Luke Froeb, Mikhael Shor and Steven Tschantz have just posted an interesting looking model of mergers in auction settings where the incumbent firm has an advantage in subsequent auctions. The model captures the intuition that sometimes a mergers creating a “second-best” rival can result in more more aggressive bidding and result in lower prices even if the merger does not create efficiencies. Here’s the abstract:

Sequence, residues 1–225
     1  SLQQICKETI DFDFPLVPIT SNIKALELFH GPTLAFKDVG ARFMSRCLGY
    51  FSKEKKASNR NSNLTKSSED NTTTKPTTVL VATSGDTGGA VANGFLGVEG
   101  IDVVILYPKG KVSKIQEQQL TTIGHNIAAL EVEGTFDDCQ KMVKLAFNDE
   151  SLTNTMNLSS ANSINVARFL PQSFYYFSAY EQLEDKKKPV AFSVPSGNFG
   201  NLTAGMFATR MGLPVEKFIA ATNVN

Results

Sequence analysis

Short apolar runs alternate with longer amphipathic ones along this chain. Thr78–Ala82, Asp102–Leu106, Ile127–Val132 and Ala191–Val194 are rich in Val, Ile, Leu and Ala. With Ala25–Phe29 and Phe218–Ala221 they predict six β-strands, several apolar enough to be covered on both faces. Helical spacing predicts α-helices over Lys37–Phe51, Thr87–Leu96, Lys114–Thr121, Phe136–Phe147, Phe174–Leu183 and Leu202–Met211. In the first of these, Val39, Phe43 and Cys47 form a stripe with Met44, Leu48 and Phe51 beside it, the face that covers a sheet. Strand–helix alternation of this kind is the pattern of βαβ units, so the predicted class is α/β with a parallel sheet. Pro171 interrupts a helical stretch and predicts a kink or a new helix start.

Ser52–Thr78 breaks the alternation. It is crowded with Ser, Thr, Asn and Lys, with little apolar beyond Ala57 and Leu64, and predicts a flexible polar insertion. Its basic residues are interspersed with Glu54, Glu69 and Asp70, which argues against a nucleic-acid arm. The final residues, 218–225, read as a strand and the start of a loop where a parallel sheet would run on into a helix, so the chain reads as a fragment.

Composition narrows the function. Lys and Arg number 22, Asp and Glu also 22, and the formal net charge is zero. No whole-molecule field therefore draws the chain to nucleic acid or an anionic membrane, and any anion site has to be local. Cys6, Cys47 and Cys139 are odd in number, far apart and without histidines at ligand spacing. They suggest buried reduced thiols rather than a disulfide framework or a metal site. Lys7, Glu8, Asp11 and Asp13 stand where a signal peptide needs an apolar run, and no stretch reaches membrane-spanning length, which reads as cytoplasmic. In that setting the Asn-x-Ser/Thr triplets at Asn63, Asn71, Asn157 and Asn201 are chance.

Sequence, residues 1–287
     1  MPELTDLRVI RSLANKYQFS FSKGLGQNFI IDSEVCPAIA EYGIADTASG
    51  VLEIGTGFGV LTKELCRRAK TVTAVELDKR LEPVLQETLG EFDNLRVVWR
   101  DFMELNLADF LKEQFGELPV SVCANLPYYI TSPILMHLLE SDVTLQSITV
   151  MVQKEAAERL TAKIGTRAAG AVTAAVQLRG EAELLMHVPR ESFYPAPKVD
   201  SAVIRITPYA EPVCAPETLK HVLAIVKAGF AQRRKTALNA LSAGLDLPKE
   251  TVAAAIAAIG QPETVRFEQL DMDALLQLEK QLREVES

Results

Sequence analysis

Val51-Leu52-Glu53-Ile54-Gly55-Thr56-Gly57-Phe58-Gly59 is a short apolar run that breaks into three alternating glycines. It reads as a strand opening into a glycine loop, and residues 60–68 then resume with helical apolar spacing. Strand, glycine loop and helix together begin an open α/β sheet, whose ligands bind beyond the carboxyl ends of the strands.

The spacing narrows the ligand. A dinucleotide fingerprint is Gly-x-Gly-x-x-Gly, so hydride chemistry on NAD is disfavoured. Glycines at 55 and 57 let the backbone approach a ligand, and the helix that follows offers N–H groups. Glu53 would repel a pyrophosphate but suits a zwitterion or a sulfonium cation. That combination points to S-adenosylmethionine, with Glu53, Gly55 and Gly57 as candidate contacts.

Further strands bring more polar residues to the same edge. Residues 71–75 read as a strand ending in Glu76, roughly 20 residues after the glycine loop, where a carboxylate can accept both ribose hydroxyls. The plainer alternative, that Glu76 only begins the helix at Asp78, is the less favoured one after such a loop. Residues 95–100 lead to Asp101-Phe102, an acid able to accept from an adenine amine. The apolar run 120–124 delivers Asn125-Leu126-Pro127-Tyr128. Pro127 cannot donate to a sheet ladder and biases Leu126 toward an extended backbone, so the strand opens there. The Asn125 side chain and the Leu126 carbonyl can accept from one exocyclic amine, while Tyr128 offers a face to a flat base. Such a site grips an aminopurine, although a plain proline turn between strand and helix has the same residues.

When the winner of one auction gains a cost advantage in the next, bids reflect not only the value of winning the auction, but also the value of gaining an incumbent advantage in future auctions. If a larger firm’s advantage derives from a cost or product advantage, it has a greater chance of holding onto incumbency status which, in turn, increases the value it places on gaining incumbency. As a consequence, larger firms bid more aggressively than their smaller rivals, where “size” is measured by the probability of winning. In this environment, mergers eliminate competition among the merged firms but they also change bidding behavior by both merging and non-merging firms. Computational experiments suggest that the scope for pro-competitive mergers is much wider than in auctions without an incumbent advantage. In particular, mergers among smaller firms are likely to be pro-competitive because they tend to create better losers, i.e., firms who bid more aggressively but still lose a large part of the time.